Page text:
The Importance Of Parental Involvement On The Education Process

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We all know and understand the importance of parental involvement in the education process. In Head Start, parental involvement is an area that is always in need of improvement, is observed and evaluated by the Federal Government for funding purpose. I feel the role of the parent in the IEP process depends on the age of the student. So, I viewed this questions as both an Early Childhood Special Education Teacher and as a teacher of older students with help from my sister in-laws.
First, as an Early Childhood Special Education Teacher, parents/guardians are essential in getting services started for children that have or suspected of having a disability. Parents are their child’s first teacher. The program I work at struggles with this issue every year, but we continue to make progress with consistent and familiar staff in our Support Services department. With this next statement I mean no disrespect, as a white woman, working in a program that serves Native American students, it was extremely difficult to get special education services for students. I had to overcome trust issues, prejudices, stigma, and beliefs surrounding disabilities and being an outsider. Today, we have parents/guardians soliciting help from our Support Services Department when a concerns or questions arise. How to did I start to address the issue about parent involvement? First, I set aside the ideas of what I thought I knew or was taught about Native Americans. Also, I asked questions about things that I did not understand and what the protocols or procedures were in certain situations. In Native American families, I learned that food is at the center of most events, and families does not just consist of mom, dad, siblings, but second and third cousins,...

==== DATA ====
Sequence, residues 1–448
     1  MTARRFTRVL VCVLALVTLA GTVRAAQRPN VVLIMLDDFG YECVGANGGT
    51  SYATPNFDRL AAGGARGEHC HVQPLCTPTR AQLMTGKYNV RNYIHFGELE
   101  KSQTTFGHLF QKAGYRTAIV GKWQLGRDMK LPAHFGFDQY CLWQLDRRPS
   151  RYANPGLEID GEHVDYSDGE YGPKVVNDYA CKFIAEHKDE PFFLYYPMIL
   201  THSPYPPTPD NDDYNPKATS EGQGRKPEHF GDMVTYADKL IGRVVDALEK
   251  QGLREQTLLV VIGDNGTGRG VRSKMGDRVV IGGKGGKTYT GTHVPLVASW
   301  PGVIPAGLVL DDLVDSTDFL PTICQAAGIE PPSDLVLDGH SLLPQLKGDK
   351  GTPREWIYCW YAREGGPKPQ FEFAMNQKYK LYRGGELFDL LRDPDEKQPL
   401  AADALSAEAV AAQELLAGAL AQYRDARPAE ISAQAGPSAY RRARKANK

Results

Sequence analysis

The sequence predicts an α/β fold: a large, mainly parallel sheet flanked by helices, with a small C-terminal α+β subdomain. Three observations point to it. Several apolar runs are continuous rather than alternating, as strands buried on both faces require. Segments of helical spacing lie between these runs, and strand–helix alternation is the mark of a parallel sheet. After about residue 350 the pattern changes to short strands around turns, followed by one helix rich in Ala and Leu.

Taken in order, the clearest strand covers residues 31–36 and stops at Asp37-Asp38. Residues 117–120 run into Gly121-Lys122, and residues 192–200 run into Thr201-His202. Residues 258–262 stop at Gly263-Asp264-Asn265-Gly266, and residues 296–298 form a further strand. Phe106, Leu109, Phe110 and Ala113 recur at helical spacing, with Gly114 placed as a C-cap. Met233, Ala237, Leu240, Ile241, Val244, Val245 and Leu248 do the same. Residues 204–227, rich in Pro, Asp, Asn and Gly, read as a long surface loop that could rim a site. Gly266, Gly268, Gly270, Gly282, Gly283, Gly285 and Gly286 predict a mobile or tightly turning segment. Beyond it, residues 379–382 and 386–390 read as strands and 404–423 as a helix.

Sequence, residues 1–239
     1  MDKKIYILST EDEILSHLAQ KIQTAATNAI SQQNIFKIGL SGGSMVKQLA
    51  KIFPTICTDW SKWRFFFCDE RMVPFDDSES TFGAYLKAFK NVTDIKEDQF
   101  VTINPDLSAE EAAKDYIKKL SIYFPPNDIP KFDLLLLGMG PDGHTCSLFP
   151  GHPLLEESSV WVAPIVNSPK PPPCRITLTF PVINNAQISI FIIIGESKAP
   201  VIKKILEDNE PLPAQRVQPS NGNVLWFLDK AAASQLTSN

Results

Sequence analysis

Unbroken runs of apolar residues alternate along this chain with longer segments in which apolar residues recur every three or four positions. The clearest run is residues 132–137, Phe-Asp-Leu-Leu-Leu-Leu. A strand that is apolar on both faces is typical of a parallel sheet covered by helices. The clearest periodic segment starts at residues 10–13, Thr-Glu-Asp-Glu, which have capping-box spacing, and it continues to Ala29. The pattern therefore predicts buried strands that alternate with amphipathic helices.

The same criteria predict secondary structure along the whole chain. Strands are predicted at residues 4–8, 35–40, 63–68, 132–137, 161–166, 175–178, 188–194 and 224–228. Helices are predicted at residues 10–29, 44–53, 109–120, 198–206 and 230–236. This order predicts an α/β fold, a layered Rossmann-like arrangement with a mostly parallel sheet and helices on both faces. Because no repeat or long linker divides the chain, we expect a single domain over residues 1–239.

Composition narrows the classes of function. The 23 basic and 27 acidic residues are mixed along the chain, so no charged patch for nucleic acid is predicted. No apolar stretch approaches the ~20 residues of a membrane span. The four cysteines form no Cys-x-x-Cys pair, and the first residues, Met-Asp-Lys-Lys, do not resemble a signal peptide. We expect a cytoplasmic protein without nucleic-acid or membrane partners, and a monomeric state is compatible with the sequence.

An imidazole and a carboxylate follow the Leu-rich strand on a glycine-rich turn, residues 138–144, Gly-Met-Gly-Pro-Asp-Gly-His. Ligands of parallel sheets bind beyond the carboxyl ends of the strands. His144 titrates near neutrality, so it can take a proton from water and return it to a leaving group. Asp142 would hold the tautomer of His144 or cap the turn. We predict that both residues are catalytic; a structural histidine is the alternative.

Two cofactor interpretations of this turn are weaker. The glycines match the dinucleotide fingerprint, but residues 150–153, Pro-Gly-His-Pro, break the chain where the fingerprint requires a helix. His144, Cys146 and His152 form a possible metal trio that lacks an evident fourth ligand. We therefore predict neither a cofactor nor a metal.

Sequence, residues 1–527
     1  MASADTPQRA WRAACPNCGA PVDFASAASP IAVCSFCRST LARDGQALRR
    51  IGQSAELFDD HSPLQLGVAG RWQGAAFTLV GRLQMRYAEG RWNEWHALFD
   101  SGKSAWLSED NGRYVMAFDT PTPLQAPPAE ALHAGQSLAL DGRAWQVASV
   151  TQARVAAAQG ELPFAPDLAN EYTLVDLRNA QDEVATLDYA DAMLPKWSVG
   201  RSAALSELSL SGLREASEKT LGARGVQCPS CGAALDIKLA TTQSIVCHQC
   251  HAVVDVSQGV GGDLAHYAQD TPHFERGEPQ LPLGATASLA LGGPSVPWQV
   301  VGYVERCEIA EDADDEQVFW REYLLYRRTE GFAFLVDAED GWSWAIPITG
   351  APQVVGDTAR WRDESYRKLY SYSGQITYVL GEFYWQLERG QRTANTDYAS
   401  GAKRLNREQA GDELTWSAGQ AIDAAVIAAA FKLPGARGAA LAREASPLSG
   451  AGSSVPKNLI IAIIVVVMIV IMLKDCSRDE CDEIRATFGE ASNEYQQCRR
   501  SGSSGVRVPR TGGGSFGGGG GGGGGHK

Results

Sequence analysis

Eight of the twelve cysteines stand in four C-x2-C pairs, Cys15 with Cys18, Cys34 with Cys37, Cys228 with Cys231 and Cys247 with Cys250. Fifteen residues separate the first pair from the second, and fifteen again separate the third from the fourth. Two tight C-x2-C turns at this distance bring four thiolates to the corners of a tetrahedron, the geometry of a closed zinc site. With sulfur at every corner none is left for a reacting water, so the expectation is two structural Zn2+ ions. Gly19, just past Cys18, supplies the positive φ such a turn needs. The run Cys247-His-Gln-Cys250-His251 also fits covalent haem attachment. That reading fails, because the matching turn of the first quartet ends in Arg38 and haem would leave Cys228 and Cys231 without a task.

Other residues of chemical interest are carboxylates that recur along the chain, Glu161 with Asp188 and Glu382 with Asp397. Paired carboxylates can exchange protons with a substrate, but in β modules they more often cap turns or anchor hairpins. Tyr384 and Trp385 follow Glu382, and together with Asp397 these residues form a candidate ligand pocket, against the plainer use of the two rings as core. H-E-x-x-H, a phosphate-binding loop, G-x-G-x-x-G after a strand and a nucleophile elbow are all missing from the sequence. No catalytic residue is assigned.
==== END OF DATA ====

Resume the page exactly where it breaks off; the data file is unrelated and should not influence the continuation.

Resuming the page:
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...rtant to show the same respect and have the same expectations as I would for typical developing students. How students with disabilities met my expectations will be based on their individual needs.
The role of parent involvement is the IEP process is essential and changes as children get older. Even with older students, teachers need to understand and be aware that parents are their child’s first teacher and they have information about their student’s abilities that we may not see in school. According to Katz, in order to have a successful IEP team, it must be built upon foundation of trust, empathy, and mutual respect. I believe that getting parents involved in their child’s education needs to start as early as possible. The more parents, teachers, specialist, and when appropriate students work together the more students with disabilities will succeed in school.